The Tragic Hero in King Lear by Shakespeare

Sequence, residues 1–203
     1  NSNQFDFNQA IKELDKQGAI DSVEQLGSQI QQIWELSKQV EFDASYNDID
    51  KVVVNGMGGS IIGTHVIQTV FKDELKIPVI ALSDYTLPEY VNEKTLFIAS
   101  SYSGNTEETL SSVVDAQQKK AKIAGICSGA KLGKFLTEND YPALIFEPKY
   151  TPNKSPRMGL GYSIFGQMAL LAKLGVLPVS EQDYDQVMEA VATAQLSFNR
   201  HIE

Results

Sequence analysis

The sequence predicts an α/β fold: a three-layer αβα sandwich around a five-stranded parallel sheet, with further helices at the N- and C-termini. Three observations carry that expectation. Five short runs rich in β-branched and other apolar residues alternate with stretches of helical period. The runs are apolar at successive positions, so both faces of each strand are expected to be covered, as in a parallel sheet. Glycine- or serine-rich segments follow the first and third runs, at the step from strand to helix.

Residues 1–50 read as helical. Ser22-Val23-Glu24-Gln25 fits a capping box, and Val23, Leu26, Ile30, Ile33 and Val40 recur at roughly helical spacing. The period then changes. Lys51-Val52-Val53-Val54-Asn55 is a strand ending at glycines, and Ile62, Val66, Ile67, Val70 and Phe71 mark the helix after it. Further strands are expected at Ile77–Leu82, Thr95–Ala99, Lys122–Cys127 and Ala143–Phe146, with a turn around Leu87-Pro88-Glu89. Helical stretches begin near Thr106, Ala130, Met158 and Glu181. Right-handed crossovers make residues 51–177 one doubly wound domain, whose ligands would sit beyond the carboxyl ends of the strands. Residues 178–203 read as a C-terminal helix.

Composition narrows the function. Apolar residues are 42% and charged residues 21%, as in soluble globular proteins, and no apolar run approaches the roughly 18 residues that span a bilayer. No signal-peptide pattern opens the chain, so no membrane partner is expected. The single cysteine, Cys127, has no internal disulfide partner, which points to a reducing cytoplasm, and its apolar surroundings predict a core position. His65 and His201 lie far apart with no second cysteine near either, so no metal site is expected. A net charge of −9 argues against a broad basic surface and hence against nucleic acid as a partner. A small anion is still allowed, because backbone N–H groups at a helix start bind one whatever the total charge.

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The Tragic Hero in King Lear by Shakespeare Tragedy is defined in Websters Dictionary as: 1) A medieval narrative poem or tale typically describing the downfall of a great man 2) A serious drama typically describing a conflict between the hero and a superior force (like destiny) and having a sorrowful or disastrous conclusion that excites leaves the readers full of pity or terror. King Lear is one of William Shakespeare’s great tragic pieces; it is not only seen as a tragedy in itself, but also a play that includes two tragic heroes and four villains. I felt that a tragic hero must not be all good or all bad, but he must be deprived of something very valuable because of some critical mistake, or error in judgment. We must be able to identify ourselves with the tragic hero if he is to inspire fear, for we must feel that what happens to him could happen to us. If Lear was completely evil, we would not be fearful of what happens to him: he would merely be repulsive. But Lear does inspire fear because, like us, he is not completely upright, nor is he completely wicked. He is foolish and arrogant, it is true, but later he is also humble and compassionate. He is wrathful, but at times, patient. Because of his good qualities, we experience pity for him and feel that he does not deserve the severity of his punishment. His actions are not brought on by any corruption or wickedness in him, but by an error in judgment, which, however, does arise from a defect of character. Lear has a tragic flaw: egotism. It is his egotism in the first scene that causes him to make his error in judgment - the division of his kingdom and the loss of Cordelia. Throughout the rest of the play, the consequences of this error slowly and steadfastly increase until Lear is destroyed. There must be a change in the life of the tragic hero; he must pass from happiness to misery. Lear, as seen in Act I, has everything a man should want - wealth, power, peace, and a state of well-being. Because a tragic character must pass from happiness to misery, he must be seen at the beginning of the play as a happy man, surrounded by good fortune.

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